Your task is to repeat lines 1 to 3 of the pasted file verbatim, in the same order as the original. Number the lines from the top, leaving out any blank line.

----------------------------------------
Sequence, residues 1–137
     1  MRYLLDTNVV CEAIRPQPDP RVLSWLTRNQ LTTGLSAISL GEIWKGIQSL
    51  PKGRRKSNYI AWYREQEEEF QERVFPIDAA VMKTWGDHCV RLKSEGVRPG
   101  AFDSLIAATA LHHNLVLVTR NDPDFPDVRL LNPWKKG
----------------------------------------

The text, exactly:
Sequence, residues 1–137
     1  MRYLLDTNVV CEAIRPQPDP RVLSWLTRNQ LTTGLSAISL GEIWKGIQSL
    51  PKGRRKSNYI AWYREQEEEF QERVFPIDAA VMKTWGDHCV RLKSEGVRPG